A business is defined as “large” if it has at least 50 FTEs, not counting seasonal workers. Full-time employees are those who work 30 hours or more; part-time employees work less than 30 hours per week, figured on a monthly basis. This calculation involves taking the total number of hours worked divided by 120. Also, the first 30 employees are subtracted from the total when calculating the total amount of the assessment.

Example: An employer with 51 employees who doesn’t offer health insurance and has one employee who receives an individual tax credit or cost-sharing reductions will be assessed $42,000 ($2,000 multiplied by 21).

Can I purchase any health insurance for my employees to comply?

The health insurance provided to employees must pay 60% of the cost of health services (“minimum value”) or the penalty provisions will apply.

Do I need to pay the entire cost of the health insurance in order to comply with the Act?

An employer does not have pay the entire cost of the health insurance and can have the employees contribute to the cost of their insurance.  The employer will be subject to the Act’s penalties if the employee contribution exceeds 9.5% of their income.

The penalty in this case would be the lesser of $3000 per each employee whose copay exceeds the income guidelines above or $2000 per full time employee after the first 30 employees.

I cannot afford the cost of health insurance for my employees, is there a waiver that would allow me additional time to comply?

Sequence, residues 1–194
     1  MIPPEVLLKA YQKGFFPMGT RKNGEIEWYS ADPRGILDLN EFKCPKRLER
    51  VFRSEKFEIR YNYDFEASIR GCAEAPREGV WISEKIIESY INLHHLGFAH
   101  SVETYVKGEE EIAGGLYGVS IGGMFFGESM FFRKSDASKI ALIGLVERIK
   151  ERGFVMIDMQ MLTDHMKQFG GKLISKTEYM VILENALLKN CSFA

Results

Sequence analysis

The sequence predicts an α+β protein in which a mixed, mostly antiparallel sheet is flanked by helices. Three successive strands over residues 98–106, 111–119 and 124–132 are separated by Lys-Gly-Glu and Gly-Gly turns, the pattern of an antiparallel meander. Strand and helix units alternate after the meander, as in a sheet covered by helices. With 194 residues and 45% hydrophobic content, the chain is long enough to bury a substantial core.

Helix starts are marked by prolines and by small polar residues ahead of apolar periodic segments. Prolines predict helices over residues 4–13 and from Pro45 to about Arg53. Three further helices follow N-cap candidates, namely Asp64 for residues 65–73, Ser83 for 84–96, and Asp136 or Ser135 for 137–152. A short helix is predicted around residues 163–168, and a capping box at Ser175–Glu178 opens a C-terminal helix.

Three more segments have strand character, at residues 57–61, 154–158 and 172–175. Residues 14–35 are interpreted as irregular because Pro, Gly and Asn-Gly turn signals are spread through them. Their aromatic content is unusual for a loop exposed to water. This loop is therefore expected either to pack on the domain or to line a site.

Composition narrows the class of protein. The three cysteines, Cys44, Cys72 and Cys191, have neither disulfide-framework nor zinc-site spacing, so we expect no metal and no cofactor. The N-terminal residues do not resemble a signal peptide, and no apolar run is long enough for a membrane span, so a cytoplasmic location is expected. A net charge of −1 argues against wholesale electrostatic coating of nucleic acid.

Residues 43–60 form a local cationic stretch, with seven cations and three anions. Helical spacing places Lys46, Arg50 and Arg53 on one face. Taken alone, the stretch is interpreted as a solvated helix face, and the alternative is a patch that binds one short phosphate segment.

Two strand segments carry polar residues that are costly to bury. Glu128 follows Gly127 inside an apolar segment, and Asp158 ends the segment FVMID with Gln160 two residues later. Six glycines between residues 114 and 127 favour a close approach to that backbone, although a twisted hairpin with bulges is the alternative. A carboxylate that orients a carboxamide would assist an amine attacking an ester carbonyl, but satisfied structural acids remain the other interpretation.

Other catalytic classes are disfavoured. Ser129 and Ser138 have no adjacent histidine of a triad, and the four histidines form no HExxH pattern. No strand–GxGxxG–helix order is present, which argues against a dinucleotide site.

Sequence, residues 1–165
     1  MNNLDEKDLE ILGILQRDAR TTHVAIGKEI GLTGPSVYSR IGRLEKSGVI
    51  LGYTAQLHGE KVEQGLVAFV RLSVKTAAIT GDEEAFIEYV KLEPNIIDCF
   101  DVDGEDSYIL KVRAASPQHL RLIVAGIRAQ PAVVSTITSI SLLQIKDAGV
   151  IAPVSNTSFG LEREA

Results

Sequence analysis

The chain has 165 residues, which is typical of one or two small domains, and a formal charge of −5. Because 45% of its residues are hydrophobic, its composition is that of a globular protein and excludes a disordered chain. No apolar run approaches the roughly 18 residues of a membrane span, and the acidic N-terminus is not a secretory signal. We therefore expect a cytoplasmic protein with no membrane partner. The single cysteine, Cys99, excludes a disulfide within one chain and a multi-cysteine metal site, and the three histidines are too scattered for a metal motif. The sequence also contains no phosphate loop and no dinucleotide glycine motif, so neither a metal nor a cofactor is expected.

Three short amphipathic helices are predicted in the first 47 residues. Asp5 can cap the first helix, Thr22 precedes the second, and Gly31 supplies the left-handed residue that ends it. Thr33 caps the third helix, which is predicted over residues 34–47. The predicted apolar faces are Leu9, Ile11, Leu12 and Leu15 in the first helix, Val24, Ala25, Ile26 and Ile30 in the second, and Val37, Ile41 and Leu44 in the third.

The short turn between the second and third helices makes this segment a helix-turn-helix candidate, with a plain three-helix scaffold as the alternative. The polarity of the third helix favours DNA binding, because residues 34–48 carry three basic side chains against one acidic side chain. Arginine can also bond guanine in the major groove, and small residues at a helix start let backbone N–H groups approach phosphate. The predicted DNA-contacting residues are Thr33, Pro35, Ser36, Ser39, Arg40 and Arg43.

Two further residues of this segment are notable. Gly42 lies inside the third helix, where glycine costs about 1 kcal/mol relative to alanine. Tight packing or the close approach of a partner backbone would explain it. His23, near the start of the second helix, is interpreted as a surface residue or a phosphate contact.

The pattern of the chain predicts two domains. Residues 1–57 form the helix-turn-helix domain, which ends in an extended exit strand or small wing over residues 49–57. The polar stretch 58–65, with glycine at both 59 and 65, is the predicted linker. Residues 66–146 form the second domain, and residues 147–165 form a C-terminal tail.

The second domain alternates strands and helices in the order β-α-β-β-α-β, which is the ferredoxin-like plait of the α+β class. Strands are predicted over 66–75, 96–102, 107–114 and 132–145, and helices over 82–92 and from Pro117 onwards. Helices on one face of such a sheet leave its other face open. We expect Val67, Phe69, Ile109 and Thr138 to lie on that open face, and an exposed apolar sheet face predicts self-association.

At this time the law does not provide for waivers and employers should plan to comply with the Act by January 1, 2014.

Can I buy health insurance for my employees through the state run Health Insurance Marketplace?

States must give individuals and small businesses (fewer than 50 employees) access to the Health Insurance Marketplace. They also have the option of giving businesses with fewer than 100 employees access to the marketplace as of January 1, 2014.  States must give businesses with fewer than 100 employees access to the marketplace by January 1, 2016.  Larger employers are not allowed to purchase insurance through the state marketplaces until January 1, 2017 at the earliest.


I would like to start a business but don’t want to give up my health insurance. What does this Act do for me?

As a self-employed person, you will have access to the Pennsylvania Health Insurance Marketplace, which has not been established yet.  The marketplace should offer more health insurance options than most group plans offered by employers.  Hopefully the Pennsylvania Health Insurance Marketplace will have cheaper rates than the current market, including that of group plans through employers, but the cost structure in the marketplace is still unknown.

Low and middle income individuals and families will have access to premium tax credits and federal cost sharing subsidies to assist in the purchase of insurance as well.

I am self-employed but I don’t think that I can afford health insurance for myself at this time. Do I have to pay a penalty?

Generally the Act does require that individuals, including those that are self-employed, purchase health insurance, but there are exemptions from the penalty that apply to the individual mandate, including the self-employed.  The exemption that would apply in this case would be the income exemption. There is no penalty assessed if your income level does not require you to file a federal income tax return. In addition if the cost of the lowest cost insurance available to you is more than 8% of your income (taking into account any applicable federal subsidies) then you are exempt from penalty.